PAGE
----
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What to read after you’ve read George R. R. Martin’s Song of Ice and Fire series

This is one of our most frequently asked questions. Usually we just wing it based on what we have on stock, but it seemed like it was time to make a list of our go-to books.

In all honestly, there really is nothing exactly like Martin’s Song of Ice and Fire series. (It’s also called the Game of Thrones series after the first book and the HBO series, which airs under that name). He is the premier writer of dark, realistic fantasy. So don’t expect any of these to be the same as his books. But they are all well-written fantasy series for adult readers

Neither I nor my coworkers have read everything on here, but I’ve read enough first chapters to assure myself that the writing is good, and pruned through enough reviews to have a reasonably good sense that they are all well-liked by most readers (4 to 5 stars on Amazon, and good reviews from my customers). That’s why there are a couple of big-name authors whose books you will not find on this list. If there are 10+ books in a series but they start to stink after book six…who needs that? There’s too much other fabulous stuff out there.

In alphabetical order by author’s name.

Joe Abercrombie. First Law trilogy: The Blade Itself; Before They Are Hanged; Last Argument Of Kings

R. Scott Bakker. Prince of Nothing trilogy: The Darkness That Comes Before; The Warrior-Prophet; The Thousandfold Thought.

Anne Bishop. Black Jewels series: Daughter of the Blood; Heir to the Shadows; Queen of the Darkness; The Invisible Ring; Dreams Made Flesh; Tangled Webs; The Shadow Queen; Shalador’s Lady; Twilight’s Dawn.

Lois McMaster Bujold. Curse of Chalion series: The Curse of Chalion, Paladin of Souls, The Hallowed Hunt.

Lois McMaster Bujold. Sharing Knife series: Beguilement; Legacy; Passage; Horizon.

Jim Butcher. Codex Alera series: Furies of Calderon; Academ’s Fury; Cursor’s Fury; Captain’s Fury; Princeps’ Fury; First Lord’s Fury.

Jacqueline Carey. Kushiel’s Legacy series: Kushiel’s Dart; Kushiel’s Chosen; Kushiel’s Avatar; Kushiel’s Scion; Kushiel’s Justice; Kushiel’s Mercy; Naamah’s Kiss; Naamah’s Curse; Naamah’s Blessing.

Glenn Cook. Black Company series: The Black Company; Shadows Linger; The White Rose; The Silver Spike.

Diane Duane. Tales of the Five: The Door into Fire; The Door into Shadow; The Door into Sunset.

David Anthony Durham. Acacia Trilogy: Acacia; The Other Lands; The Sacred Band.

Steven Erikson. Malazan Book of the Fallen series: Gardens of the Moon; Deadhouse Gates; Memories of Ice; House of Chains; Midnight Tides; The Bonehunters; Reaper’s Gale; Toll the Hounds; Dust of Dreams; The Crippled God.

C. S. Friedman. Coldfire trilogy: Black Sun Rising; When True Night Falls; Crown of Shadows.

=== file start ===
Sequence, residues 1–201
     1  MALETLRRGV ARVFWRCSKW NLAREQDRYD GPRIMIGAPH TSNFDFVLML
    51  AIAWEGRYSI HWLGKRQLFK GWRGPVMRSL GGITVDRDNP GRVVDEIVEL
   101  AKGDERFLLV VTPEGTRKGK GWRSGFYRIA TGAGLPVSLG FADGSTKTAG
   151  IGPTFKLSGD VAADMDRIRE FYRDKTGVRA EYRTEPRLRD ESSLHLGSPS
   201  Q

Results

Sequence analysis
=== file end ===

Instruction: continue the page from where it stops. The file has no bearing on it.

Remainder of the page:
C. S. Friedman. Magister trilogy: Feast of Souls; The Wings of Wrath; Legacy of Kings.

Barbara Hambly. Darwath series. The Time of the Dark; The Walls of Air; The Armies of Daylight; Mother of Winter; Icefalcon’s Quest

Barbara Hambly. Unschooled Wizard series. The Ladies of Mandrigyn; The Witches of Wenshar; The Dark Hand of Magic.

Robin Hobb. Farseer trilogy: Assassin’s Apprentice; Royal Assassin; Assassin’s Quest.

Robin Hobb. Liveship Traders trilogy: Ship of Magic; The Mad Ship; Ship of Destiny.

Robin Hobb. Tawny Man trilogy: Fool’s Errand; The Golden Fool; Fool’s Fate.

N. K. Jemisin. Inheritance trilogy: The Hundred Thousand Kingdoms; The Broken Kingdoms; The Kingdom of Gods.

Guy Gavriel Kay. Two stand-alones: The Lions of Al-Rassan and Tigana.

Stephen King. The Dark Tower series: The Gunslinger; The Drawing of the Three; The Waste Lands; Wizard and Glass; Wolves of the Calla; Song of Susannah; The Dark Tower; The Wind Through the Keyhole.

Scott Lynch. Gentleman Bastard series. The Lies of Locke Lamora; Red Seas Under Red Skies; The Republic of Thieves.

Naomi Novik. Temeraire series: Temeraire (aka His Majesty’s Dragon); The Throne of Jade; Black Powder War; Empire of Ivory; Victory of Eagles; Tongues of Serpents; Crucible of Gold; Blood of Tyrants.

Patrick Rothfuss. Kingkiller Chronicles. The Name of the Wind; The Wise Man’s Fear.

Brandon Sanderson. Mistborn series: The Final Empire; The Well of Ascension; The Hero of Ages; The Alloy of Law.

Matthew Stover. Overworld series: Heroes Die; Blade of Tyshall.

Judith Tarr. Avaryan Rising series: The Hall of the Mountain King; The Lady of Han-Gilen; A Fall of Princes; Arrows of the Sun; Spear of Heaven; Tides of Darkness.

J. R. R. Tolkien. Lord of the Rings trilogy. The Fellowship of the Ring; The Two Towers; The Return of the King.

Brent Weeks. Night Angel trilogy: The Way of Shadows; Shadow’s Edge; Beyond the Shadows.

Tad Williams. Memory, Sorrow and Thorn trilogy: The Dragonbone Chair; The Stone of Farewell; To Green Angel Tower (which is published in two volumes as Part 1 and Part 2).

Gene Wolfe. Urth: Book of the New Sun series. The Shadow of the Torturer; The Claw of the Conciliator; The Sword of the Lictor; The Citadel of the Autarch; The Urth of the New Sun.

A nice reference describing some of these works is io9’s article 10 Great Fantasy Series to Read While You’re Waiting for George R.R. Martin’s Next Book.

1 thought on “What to read after you’ve read George R. R. Martin’s Song of Ice and Fire series

  1. Please also consider L. Sprague de Camp's fantasies, such as The Fallible Fiend, The Reluctant King triology and The Incompleat Enchanter series. A contemporary and drinking buddy of Asimov and Heinlein, his protagonists tend to be reasonable men (…or reasonable fiends…) in an unreasonable world, addressing assassins and wizards with logic and swordplay, less concerned with defeating The Big Bad than with keeping one's blood (…or ichor…) inside one's body. It's lighthearted.

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